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As of this writing, one of the most heated debates taking place within the investment community centers around the looming risk of a global economic recession. Are we likely to enter one? If so, when? How long and severe might it be?
Our take: The global economy is on the cusp of what we’re calling a “pricey” recession scenario, which could be very different from past recessionary periods. We may see a slowing in real (inflation-adjusted) economic activity, in line with the lagged impact of tighter global financial conditions. However, the nominal pulse of most economic indicators could remain elevated as inflation stays “sticky” at today’s high levels.
At the heart of our “pricey” global recession scenario lies the thorny issue of persistently high structural inflation, fueled in large part by:
In short, the cumulative impacts of deglobalizing supply chains and labor markets, driven by geopolitical realignment and compounded by decarbonization (spurring demand for commodities used in the adoption of renewable energy sources), are feeding into higher structural inflation.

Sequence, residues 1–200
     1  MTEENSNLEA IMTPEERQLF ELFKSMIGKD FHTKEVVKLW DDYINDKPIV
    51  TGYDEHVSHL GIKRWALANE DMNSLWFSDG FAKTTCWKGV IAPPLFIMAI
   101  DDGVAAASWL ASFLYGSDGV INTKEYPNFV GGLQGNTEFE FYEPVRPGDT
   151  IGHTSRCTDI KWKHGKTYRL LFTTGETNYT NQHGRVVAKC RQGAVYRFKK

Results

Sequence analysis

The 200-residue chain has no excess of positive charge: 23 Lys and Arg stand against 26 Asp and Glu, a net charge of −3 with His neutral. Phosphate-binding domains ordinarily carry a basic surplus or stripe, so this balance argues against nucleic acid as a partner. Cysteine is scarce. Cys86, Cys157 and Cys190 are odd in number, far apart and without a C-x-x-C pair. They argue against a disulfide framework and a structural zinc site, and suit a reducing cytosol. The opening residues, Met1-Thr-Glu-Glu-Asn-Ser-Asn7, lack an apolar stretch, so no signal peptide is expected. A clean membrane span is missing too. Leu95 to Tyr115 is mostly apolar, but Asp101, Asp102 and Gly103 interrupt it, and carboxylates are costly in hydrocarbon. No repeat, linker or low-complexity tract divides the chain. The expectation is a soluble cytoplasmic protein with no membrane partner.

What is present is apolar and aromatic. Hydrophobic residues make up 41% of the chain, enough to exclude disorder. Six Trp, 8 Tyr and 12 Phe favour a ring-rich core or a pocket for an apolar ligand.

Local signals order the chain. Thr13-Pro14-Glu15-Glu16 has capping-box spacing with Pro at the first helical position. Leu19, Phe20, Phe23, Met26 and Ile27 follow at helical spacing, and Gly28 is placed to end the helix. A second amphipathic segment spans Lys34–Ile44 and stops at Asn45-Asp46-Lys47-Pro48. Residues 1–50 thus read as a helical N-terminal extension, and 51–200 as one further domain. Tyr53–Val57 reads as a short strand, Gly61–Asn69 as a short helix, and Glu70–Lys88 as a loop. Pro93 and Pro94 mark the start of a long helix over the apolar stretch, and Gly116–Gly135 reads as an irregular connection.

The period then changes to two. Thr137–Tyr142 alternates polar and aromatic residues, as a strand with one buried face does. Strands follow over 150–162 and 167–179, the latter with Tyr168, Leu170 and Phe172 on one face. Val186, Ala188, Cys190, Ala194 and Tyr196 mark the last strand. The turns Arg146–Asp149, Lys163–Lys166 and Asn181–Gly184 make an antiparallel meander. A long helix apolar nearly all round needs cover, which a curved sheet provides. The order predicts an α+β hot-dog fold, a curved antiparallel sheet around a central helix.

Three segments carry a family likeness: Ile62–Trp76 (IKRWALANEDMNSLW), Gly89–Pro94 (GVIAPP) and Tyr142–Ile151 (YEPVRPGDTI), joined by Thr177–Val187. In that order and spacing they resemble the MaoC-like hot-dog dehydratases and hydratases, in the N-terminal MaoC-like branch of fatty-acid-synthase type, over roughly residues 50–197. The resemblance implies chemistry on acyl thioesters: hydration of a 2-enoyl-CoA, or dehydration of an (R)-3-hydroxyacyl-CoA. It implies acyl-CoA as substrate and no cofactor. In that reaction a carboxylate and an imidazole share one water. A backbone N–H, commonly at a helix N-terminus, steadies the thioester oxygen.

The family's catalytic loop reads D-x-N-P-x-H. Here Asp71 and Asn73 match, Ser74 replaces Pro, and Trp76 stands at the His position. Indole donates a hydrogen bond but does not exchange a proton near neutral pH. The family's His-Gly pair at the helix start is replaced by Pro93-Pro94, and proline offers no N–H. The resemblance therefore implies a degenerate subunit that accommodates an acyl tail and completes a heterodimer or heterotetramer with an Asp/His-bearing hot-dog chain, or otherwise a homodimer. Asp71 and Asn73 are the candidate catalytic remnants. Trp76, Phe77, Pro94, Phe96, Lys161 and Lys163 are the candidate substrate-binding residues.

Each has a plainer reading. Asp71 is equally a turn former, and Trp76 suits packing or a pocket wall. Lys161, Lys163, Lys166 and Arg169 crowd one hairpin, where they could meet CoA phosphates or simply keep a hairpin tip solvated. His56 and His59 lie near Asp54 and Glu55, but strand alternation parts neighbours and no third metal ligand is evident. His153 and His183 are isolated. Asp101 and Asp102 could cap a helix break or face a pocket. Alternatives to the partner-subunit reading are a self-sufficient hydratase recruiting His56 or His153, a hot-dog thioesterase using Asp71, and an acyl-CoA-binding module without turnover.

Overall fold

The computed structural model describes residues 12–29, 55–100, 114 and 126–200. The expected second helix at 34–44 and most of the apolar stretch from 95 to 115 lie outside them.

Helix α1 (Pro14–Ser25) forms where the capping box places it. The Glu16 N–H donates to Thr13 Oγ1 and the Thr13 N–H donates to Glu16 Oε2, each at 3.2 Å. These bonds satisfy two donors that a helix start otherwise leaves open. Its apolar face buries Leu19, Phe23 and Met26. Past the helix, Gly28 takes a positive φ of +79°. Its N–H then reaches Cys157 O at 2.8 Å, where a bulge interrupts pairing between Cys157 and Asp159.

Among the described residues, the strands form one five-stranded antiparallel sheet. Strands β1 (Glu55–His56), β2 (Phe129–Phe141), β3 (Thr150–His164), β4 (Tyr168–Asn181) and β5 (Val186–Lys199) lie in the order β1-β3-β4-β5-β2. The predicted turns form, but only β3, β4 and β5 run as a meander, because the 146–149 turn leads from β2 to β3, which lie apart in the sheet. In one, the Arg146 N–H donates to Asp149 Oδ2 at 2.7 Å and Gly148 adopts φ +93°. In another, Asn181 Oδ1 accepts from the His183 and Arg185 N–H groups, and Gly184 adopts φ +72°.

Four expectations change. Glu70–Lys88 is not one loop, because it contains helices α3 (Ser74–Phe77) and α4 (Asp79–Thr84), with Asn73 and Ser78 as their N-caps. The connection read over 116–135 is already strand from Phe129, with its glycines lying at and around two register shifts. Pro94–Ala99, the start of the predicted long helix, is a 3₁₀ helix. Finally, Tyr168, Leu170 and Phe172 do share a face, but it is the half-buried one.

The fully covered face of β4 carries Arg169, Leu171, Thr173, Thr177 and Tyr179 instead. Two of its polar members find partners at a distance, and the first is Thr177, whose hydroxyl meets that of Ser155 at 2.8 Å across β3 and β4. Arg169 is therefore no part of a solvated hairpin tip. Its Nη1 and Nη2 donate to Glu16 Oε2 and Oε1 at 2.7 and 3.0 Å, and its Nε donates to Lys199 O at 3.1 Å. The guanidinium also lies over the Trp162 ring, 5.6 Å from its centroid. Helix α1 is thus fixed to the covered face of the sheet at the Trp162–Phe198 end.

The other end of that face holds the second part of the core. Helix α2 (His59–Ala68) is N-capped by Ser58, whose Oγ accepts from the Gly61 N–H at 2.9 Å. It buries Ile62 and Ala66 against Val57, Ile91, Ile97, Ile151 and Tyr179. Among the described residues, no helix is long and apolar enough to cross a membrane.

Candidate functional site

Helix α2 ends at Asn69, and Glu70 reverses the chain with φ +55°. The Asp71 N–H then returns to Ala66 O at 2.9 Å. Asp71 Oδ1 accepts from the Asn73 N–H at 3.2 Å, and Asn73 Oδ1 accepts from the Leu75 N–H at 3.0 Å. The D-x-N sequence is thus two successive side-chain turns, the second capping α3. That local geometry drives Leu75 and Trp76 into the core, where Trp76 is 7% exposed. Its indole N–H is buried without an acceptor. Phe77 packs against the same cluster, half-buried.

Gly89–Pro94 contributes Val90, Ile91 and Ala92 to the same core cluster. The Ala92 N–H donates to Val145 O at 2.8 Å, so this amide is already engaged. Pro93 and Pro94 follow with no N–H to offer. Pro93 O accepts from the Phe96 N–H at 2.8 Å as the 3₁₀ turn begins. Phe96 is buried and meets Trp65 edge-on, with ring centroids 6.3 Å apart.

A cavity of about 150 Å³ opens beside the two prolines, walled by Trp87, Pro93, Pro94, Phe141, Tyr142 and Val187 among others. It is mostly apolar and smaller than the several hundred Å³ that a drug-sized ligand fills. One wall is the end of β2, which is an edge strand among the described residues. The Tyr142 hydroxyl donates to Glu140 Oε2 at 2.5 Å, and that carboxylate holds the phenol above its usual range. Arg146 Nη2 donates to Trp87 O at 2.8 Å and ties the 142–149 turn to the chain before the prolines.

The pressing question is whether the current global economic slowdown is temporary or a sign of a deeper global recession. On balance, we think it probably marks an economic “pause” rather than the onset of a protracted recession. If we are right, the global cycle should begin to bottom later this year, followed by a gradual upturn in economic activity. Decelerating global growth and easing supply bottlenecks will temporarily lower monetary policy tightening expectations. However, strong developed economy labor markets and activist fiscal policies to support global demand could keep structural inflation stubbornly higher.
It’s important to note that when global inflation is as elevated as it is these days, there are no guarantees that central banks can orchestrate “soft landings” for their respective economies. However, it’s not impossible.
For example, in the US, barring a meaningful and sustained improvement in labor supply or productivity (not our baseline), the Fed may have to reduce aggregate demand via rate hikes in a more material way to bring inflation back toward its 2% target. A Fed that successfully anchors inflation expectations, in conjunction with well-targeted US fiscal policy, might be able to put the nation’s economy on a path where the inflation rate can normalize without inflicting serious economic damage.
In our follow-up companion blog post, scheduled to publish next week, we will share our thoughts on how investors might position for the potential recession scenario we’ve described here.
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